Brands, influencers and surviving the next decade

How will business academics describe media and marketing in ten years time? Probably not in the terms the industry throws around; ‘the connected age’, ‘the era of the customer’, ‘the digital renaissance’. I think they’ll see a dark age, where the old order collapsed and reason retreated to a faithful few.

People love the statistic that 60% of brands from ten years ago aren’t here. They don’t like asking the logical follow-on questions: will our company still exist in ten years? Should it? Will my job still exist?

Activist investors are attacking brands and media agencies alike. When more than 50% of product searches start on Amazon these days it’s hard not to think ‘why should most brands still be around?’

New challenges are thrown up with increasing frequency. The rise of influencer marketing is just one of them. If your organisation can adapt and move fast when it needs to you’ll at least be in with a chance of outliving the decade.

Fake news and fake views.

In the era of mistrust and complexity in every area of commerce, politics and communications, we need to think critically but not cynically. It is the curious, idea hungry people and cultures that will win – but the credulous will burn out fast – whether that’s in cash or credibility.

Influencer marketing is a complex problem.

There is little credible research on the effectiveness of influencer marketing, and no consensus. With success so haphazard it becomes very hard to reproduce at scale. The usual centralised marketing approaches are problematic and cause relevancy problems to local audiences, destroying the relatability that influencers are known for.

The content that influencers create has to evolve from short single-use snippets to long-term brand ambassador behaviour in order to maintain consumer interest and value for the brand partner. Look beyond one time social media mentions to integrating the influencer within the campaign planning cycle. Influencers are chosen for their creativity and connection with their audience – allow them to bring that knowledge to the table.

To be successful with an influencer campaign you have to respect the medium. Siloes screw it up. PR, sponsorship, social media, customer experience, and a bunch of other people are all stakeholders, and collaborators.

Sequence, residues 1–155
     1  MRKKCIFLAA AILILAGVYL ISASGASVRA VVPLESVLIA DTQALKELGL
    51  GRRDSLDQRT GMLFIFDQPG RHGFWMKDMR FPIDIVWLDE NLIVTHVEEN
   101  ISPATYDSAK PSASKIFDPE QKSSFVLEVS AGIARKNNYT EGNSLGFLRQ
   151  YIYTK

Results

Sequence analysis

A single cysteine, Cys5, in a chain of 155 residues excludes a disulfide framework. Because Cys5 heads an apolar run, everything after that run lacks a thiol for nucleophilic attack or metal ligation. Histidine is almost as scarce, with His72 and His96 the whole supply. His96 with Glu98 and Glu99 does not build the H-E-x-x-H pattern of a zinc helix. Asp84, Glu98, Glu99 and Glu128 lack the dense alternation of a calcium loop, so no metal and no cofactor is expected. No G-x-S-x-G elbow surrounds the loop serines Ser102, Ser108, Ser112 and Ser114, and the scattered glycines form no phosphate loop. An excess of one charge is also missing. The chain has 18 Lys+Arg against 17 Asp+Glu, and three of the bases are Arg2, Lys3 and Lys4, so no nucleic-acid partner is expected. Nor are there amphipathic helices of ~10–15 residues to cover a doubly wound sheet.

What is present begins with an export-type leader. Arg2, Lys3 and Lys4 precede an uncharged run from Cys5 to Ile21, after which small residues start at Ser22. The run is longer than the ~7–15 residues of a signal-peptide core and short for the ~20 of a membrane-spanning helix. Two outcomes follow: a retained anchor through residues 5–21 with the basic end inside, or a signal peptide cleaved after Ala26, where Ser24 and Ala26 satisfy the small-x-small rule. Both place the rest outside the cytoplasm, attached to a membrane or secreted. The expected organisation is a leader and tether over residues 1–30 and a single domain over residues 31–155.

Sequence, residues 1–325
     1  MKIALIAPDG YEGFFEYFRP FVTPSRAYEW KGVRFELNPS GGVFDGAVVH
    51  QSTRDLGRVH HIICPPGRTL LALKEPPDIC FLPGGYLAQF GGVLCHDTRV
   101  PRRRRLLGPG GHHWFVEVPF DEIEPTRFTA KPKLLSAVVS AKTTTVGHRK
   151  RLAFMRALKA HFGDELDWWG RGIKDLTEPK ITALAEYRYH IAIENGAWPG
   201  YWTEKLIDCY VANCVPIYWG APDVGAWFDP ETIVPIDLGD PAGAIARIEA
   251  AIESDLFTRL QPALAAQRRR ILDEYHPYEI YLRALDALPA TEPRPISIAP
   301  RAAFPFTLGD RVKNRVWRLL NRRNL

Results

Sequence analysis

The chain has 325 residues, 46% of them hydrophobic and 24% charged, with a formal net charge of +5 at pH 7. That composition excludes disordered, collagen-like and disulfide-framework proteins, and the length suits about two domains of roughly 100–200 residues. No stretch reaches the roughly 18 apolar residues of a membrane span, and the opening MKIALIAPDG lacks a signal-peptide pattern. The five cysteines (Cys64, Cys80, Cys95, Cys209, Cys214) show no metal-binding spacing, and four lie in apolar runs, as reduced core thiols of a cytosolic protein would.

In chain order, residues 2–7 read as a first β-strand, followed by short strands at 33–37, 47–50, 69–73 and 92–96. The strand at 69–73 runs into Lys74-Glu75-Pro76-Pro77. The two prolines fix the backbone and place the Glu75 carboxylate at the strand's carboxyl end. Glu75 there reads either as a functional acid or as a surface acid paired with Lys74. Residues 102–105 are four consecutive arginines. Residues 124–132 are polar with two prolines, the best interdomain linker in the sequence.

Complex vs complicated

Understanding the difference between complex and complicated systems is becoming important for many aspects of management and policy. They are often thought of as synonyms but they’re far from it. To help explain the difference let’s look at an example – predicting the return of Halley’s Comet is complicated, predicting the share price of WPP or the FTSE Index in three months’ time is complex. In short, complicated problems (like Halley’s Comet) often require coordination or specialised expertise to solve and following one success there can be a relatively high degree of certainty of outcome repetition. By contrast, a complex problem is based on relationships and interconnections. They can’t simply be solved by repetition or planning, expertise can contribute to solving the problem, but it holds no assurance of success.

Organisations, and individuals, today need the ability to deal with a complex challenge. Not just with the uncertainty of an ever changing world but a series of little problems that come along.

From media to capability.

So why isn’t every brand and agency changing? It used to be that the core competency of senior marketers – the CMO or marketing director – was procuring and project managing the best creative and media agencies. Now that mass media isn’t the weapon of mass attention that it once was, those weapons have been rendered obsolete. Media agencies have been reduced to expensive overheads for superpower brands, afraid to give them up, slow to understand the new tools and techniques of the digital age.

There are many different reasons that companies get stuck. CMOs may think that the digital award, or the big consultancy report has solved the problem. The middle managers who don’t believe the vision, or need to protect their status or are just afraid – even the ‘digital’ ones. (We’ve found that as people get more knowledgeable they score themselves, and their organisations, lower on the scale of digital maturity.)

It’s all in your mind(set).

The key to developing capability isn’t hiring an internal agency or even just building a new team. It’s about designing a marketing organisation that can adapt and move fast when it needs to. Capability starts with the mindset of the leaders. Then strategy. Then skills. Then execution.

If you can develop an effective influencer strategy and manage it well, it means you can probably develop strategies for dealing with other complex, emergent, unpredictable challenges. If that’s the case you have half a chance of your brand surviving the next ten years. Congratulations.

This post was adapted from my talk at the recent WAVE 2017 Summit. You can watch the talk in full below.

Get in touch to talk about how to take the next step to being a brand with a future, rather than just managing the decline.